Think ‘Singing In The Rain’
Yes I know that sound a bit daft, but I am good at daft, I can do daft. Stick with me kid and I might make this whole thing clear (I said might so stop heckling from the cheap seats!). Actually I was just thinking (you probably heard the grating sound in the US, though you should be asleep by now – go to bed!) … I digress …
Think Singing In The Rain and the final part of the film … I feel as though we are the Debbie Reynolds character in Singing In The Rain who is the one who has the talent to really make the film a hit, but it is the Pretty Pink bimbo who gets all the attention, you know what I mean. We are the ones who are really selling this story (Debbie) with our deaths but the big non-profits (film studios) and give money to the Pretty Pink One (aka the star of the movie) at the front of the stage because the public believes that she is the real star. Turns out that the PPO was not the real star, just the image that the public thought was the real deal. It is our ‘talent’ that is selling this charade and it is about time someone pulled up the safety curtain and show what is actually going on!
The public believes that giving money to certain non-profits is funding the research to find a cure and NOT to pay for office furniture, the expenses of the management and PR experts to sell the brand. Just life the curtain and see what this is really about!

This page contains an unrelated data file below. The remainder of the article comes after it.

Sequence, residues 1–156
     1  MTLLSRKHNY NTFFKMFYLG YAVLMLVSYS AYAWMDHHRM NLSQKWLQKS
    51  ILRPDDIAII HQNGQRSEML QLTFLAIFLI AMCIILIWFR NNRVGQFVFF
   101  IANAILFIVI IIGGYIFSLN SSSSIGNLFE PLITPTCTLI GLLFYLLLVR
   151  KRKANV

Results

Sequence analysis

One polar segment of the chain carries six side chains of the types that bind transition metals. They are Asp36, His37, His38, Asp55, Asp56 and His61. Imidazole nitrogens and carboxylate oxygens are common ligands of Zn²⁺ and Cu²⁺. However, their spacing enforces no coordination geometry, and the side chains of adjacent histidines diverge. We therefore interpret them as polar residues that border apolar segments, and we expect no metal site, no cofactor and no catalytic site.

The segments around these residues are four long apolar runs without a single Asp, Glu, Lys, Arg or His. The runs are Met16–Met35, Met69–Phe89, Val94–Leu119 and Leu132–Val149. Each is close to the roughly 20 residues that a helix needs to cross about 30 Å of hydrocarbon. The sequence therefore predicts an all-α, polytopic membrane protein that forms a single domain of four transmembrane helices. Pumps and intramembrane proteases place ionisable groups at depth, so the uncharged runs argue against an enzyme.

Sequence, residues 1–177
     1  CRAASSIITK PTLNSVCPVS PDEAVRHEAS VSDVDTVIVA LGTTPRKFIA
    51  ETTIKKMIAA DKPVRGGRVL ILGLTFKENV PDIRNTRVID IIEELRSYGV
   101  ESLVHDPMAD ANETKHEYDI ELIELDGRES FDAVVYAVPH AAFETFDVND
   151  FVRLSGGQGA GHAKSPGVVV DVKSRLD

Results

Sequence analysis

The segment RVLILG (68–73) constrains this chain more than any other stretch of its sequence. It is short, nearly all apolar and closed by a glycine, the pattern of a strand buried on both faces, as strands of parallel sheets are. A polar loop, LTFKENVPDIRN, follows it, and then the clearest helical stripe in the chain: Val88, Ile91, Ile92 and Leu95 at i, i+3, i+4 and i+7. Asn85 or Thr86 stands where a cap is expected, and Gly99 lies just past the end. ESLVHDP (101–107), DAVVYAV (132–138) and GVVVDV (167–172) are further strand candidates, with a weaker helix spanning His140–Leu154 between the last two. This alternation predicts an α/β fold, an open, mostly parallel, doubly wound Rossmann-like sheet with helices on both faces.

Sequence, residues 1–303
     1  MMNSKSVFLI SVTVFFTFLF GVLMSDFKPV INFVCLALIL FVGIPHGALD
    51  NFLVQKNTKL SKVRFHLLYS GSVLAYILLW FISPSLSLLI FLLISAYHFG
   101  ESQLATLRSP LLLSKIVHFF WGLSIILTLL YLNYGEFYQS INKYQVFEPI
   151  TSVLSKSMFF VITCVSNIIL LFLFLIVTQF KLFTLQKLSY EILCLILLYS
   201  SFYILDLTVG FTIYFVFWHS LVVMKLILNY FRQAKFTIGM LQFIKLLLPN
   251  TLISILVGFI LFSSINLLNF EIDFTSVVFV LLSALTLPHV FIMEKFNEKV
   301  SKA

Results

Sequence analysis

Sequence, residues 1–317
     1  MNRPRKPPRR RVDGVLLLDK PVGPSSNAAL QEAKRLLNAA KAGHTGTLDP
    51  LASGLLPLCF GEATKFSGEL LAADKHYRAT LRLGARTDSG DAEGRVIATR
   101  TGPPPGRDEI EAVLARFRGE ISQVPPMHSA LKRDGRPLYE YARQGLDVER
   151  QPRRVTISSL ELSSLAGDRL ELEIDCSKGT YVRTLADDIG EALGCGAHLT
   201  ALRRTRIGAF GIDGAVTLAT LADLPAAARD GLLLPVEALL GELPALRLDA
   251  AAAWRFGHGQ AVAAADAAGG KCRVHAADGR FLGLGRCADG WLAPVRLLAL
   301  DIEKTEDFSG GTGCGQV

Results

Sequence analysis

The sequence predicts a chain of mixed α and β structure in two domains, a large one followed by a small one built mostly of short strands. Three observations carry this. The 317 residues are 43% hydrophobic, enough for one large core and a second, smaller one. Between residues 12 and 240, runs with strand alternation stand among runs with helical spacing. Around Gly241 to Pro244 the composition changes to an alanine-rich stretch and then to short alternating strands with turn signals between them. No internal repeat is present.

The real story here is not the Pretty Pink One who is the window dressing, it is the girl in the background who is being ignored. The painful fact is that everyone in countries like the UK and the US are aware of breast cancer and they will either follow the advice they know is readily available or they want. It is not a matter of ignorance, it is a matter of ‘it’ll never happen to me’ syndrome. How many of us really thought it could happen to them? REALLY thought it could happen to them, even if they were like me and had a mother who had breast cancer? I found my lump not a screening programme because I was checking for it but I still should have found it earlier, but then if doctors can ignore test results which said that I might have cancer 5 years before I found the lump how is early detection actually supposed to work? Maybe some of the early detection information is aimed at the wrong people and should be aimed at the health care professionals who we blindly assume are the source of this information. It is them who need to get the message that just because you are 42 when test results come back that should raise their awareness, you are not too young to have breast cancer. This in not a disease of the elderly, so stop going by statistics – we are people not statistics. The painful fact is that at present there is no sure-fire way to prevent breast cancer, there is no way of preventing the spread of the disease, but which is more threatening to life and need more effort and investment to put it out – the fire in a waste paper bin, or when it is spreading around the rest of the room? At the moment the non-profits are concentrating the money on the waste paper bin, even though the fire has already spread. They better just hope that one day they don’t get caught by the anger of that fire as it envelops them asking why they allowed this to happen.